• The institute’s journal ‘Bulletin’ distributed free, has articles and event listings
    • The magazine section has rare collections offering even the first edition of Chandamama of the 1940s; old sets of comics as Tinkle, Champaka, Indrajal and Marvel DC amongst several more.
    • The reading room offers 400 magazines and 30 newspapers
    • IIWC has plans to bring in a fully-equipped auditorium and upscale its building and furniture with public funds


    From the IIWC library that started off in 1947 with 4,200 books and hundreds of people visiting, today the number has increased to nearly 40 times more. Public donations take care of the operating costs. “We have a modest budget of ₹1.5 lakh a month, but work with higher ideals that the founder believed in,” says Venkatesh.

    Speaking about the nostalgia the institute is associated with, paediatric surgeon Dr. Vijayalakshmi Balekundri, Vice President of the committee says, from governors and presidents to Nobel laureates as CV Raman, Ralph Bunche and Julian Huxley, nuclear physicist Homi Bhabha, scientist Vikram Sarabhai, Maharishi Mahesh Yogi, and the erstwhile royals Jayachamarajendra Wadiyar and Travancore Marthanda Varma had visited IIWC. “The institute has been an epitome of economical functioning, but is generous in imparting culture,” adds Vijayalakshmi.

    Reminiscing about his childhood who spent borrowing books from IIWC children’s library, businessman Ashish Krishnaswamy, a member of the executive committee says, “As a seven-year-old in the 1980’s I had the thrill of borrowing my first book with a library card. From all comics to Ruskin Bond and Jim Corbett’s amazing tales, the library not just offered books but had fun events to offer. We plan to get this going permanently,” says Ashish who has taken a keen interest in contributing funds and having the children’s library renovated.

    The influence

    BP Wadia joined the Bombay branch of the Theosophical Society in 1904, and shifted to its Madras branch in 1907. Wadia later worked in the Home Rule Movement along with Dr Annie Besant and George Arundale, which led him towards starting the first labour union in Indian history. Apart from attending conferences on trade union movement, he came into contact with United Lodge of Theosophists (ULT) founded by Robert Crosbie at the United States and worked for it. Thereafter he founded several ULTs in India and abroad along with his wife Sophia Wadia. “The institute shall remain a non-sectarian, non-governmental, private voluntary body to mainly promote inter-cultural exchanges,” Wadia had declared.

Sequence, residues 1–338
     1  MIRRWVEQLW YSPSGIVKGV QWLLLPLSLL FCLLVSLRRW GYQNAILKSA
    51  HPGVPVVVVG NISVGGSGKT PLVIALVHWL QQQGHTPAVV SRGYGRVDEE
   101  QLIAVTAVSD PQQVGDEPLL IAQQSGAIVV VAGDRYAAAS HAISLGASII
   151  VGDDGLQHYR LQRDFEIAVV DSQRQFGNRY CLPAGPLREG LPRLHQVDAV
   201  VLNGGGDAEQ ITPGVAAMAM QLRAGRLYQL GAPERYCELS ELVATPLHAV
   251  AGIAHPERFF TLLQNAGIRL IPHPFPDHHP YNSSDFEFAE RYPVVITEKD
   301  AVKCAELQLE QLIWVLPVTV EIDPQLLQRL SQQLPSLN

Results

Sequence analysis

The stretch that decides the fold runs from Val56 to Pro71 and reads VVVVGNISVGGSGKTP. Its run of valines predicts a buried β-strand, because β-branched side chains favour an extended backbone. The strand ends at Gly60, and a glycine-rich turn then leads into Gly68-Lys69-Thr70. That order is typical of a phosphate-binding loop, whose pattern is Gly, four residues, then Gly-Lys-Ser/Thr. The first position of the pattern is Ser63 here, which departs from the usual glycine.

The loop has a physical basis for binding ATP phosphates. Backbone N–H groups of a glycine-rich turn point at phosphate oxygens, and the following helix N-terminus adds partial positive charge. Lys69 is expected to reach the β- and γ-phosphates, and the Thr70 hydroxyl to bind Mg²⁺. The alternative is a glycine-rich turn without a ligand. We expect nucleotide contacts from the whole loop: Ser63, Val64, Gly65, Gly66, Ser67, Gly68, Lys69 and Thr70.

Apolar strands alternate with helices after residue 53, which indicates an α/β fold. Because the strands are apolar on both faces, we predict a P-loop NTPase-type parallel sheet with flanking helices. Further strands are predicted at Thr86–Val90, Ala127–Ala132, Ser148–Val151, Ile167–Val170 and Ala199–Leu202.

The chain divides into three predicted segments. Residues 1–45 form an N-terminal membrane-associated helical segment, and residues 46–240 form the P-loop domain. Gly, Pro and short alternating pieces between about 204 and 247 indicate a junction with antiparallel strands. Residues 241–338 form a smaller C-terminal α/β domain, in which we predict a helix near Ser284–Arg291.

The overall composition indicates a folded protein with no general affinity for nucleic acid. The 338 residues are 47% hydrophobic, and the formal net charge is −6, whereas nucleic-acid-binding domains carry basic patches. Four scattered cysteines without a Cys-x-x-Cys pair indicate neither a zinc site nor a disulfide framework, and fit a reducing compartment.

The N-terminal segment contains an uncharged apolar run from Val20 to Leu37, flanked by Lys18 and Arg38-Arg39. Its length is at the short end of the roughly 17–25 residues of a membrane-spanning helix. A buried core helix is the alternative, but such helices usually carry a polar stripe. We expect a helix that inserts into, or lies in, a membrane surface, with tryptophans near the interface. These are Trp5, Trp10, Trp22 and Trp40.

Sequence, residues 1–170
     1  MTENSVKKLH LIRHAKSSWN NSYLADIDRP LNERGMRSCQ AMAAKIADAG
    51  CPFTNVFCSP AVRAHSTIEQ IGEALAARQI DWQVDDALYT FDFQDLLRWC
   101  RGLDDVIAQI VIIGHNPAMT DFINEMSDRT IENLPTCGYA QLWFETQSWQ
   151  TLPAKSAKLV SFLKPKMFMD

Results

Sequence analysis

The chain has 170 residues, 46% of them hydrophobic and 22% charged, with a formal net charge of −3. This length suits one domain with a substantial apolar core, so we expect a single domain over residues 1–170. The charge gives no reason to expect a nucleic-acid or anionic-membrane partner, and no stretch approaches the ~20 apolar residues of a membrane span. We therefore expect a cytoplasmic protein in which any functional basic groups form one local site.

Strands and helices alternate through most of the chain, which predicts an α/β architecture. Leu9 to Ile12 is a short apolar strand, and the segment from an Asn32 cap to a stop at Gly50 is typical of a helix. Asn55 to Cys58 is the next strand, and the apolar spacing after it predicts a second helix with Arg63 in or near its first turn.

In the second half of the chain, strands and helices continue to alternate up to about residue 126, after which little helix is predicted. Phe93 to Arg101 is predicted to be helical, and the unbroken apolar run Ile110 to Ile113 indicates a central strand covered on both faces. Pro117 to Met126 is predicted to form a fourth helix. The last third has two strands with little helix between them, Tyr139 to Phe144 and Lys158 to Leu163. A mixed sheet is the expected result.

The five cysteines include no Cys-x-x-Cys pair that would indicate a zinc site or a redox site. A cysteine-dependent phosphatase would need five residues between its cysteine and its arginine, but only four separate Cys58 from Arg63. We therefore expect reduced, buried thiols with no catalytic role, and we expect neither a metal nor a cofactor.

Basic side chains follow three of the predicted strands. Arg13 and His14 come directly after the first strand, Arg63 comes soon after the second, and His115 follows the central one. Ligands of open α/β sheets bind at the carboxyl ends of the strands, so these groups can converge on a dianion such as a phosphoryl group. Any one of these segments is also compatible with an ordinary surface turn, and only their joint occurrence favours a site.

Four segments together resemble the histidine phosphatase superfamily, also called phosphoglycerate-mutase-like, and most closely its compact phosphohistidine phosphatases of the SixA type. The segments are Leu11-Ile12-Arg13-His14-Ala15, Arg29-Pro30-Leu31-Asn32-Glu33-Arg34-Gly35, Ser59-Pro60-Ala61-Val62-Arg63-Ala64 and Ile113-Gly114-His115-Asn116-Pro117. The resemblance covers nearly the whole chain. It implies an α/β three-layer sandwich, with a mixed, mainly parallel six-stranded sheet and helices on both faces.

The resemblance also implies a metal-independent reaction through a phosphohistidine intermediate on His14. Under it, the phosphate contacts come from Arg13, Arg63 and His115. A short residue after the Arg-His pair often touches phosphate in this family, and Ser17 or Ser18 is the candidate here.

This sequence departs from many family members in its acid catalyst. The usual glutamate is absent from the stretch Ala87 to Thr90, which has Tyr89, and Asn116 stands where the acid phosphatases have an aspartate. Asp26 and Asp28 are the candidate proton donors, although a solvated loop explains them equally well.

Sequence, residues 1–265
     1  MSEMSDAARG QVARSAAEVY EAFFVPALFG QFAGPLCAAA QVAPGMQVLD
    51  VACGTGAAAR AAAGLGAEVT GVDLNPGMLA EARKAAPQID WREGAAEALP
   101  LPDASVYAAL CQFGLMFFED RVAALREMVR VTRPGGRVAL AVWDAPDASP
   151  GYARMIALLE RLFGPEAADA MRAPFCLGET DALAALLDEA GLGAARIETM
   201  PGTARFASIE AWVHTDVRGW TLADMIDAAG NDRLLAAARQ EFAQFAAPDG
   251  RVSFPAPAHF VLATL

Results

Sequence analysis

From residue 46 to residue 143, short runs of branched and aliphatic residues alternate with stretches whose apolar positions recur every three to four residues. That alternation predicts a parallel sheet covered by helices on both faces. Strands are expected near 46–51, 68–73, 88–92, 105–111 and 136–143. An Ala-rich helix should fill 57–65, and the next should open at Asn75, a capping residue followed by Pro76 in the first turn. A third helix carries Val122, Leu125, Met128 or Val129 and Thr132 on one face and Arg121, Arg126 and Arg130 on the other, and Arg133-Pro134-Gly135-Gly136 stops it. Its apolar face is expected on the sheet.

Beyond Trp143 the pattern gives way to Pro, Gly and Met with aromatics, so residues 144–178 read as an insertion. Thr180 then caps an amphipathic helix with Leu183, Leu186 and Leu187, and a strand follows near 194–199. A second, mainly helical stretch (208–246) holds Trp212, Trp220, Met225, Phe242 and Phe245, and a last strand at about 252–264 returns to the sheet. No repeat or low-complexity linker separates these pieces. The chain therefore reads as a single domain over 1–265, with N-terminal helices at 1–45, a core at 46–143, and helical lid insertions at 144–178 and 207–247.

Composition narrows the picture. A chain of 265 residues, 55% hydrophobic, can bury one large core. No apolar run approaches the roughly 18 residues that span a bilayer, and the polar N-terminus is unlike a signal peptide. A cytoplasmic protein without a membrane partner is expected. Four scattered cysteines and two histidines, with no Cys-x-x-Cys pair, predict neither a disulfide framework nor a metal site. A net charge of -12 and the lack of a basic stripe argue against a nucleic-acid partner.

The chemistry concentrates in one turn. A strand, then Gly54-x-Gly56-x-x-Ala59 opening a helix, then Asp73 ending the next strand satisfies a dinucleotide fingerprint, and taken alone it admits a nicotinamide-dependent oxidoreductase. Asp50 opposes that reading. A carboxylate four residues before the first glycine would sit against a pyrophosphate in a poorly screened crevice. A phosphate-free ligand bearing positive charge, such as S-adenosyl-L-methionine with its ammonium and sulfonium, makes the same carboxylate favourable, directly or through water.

source: / The Hindu / Home> Society> History & Culture / by Ranjani Govind / August 21st, 2019

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    The minutest components of a watch can be seen under a microscope in the ‘Parts of a Watch’ section. | Photo Credit: K. Murali Kumar

    The minutest components of a watch can be seen under a microscope in the ‘Parts of a Watch’ section. | Photo Credit: K. Murali Kumar

    ‘When former employees come here, they cry’

    On the afternoon that I visit the HMT Heritage Centre and Museum in north Bengaluru, I meet Rajendra Rao, a project manager, his wife, daughters, and mother-in-law, who have just finished the tour and are now at the tiny souvenir shop that sells watches and miniature tractors. Rao tells me about his first HMT, passed on to him from his father-in-law — a Swarna limited edition watch with an Indian flag on the dial. “I have 16 watches of various brands, but today I bought my own HMT,” he says. “I wish the government had not shut it down. This was the essence of Make In India.”

    Within the nondescript two-storey building — originally the official residence of the HMT chairperson — set in a sprawling four-acre space, lush with a hundred trees, the museum is as much about the story of HMT as it is about the intricate craft of watch-making.

    My tour begins in a brightly lit room with pictorial charts on the walls marking milestones from 1953 when HMT (Hindustan Machine Tools Ltd) was incorporated by the government as a machine tool manufacturing company. In 1961, the foundation for the first watch factory was laid in Bangalore and operations began with technical know-how from Japan’s Citizen Watch Company.

    Within the next decade, more factories were set up across the country, including in Srinagar and Ranibagh in Uttarakhand. There is a photograph of Jawaharlal Nehru receiving the first hand-wound HMT watch, manufactured in 1962, which he famously christened Janata, a legendary name now.

    Up till the 90s, HMT watches enjoyed a golden era, controlling 90% of the market. In 2000, the then Prime Minister Atal Bihari Vajpayee was presented HMT’s 100 millionth watch. But with the arrival of quartz watches, cheap timepieces from China, and stiff competition, the slowdown in sales began, which was never stemmed.

    A number of iconic HMT models are showcased across a sprawling four rooms. | Photo Credit: K. Murali Kumar

    A number of iconic HMT models are showcased across a sprawling four rooms. | Photo Credit: K. Murali Kumar

    Losing steam

    In 2013 the company reported a loss of a whopping ₹242 crores, and began to lose steam. The watches division was fully phased out by 2016. However, watches are still sold on their website There are still some two to three lakh watches on their inventory, and their wind-up watches are still in high demand.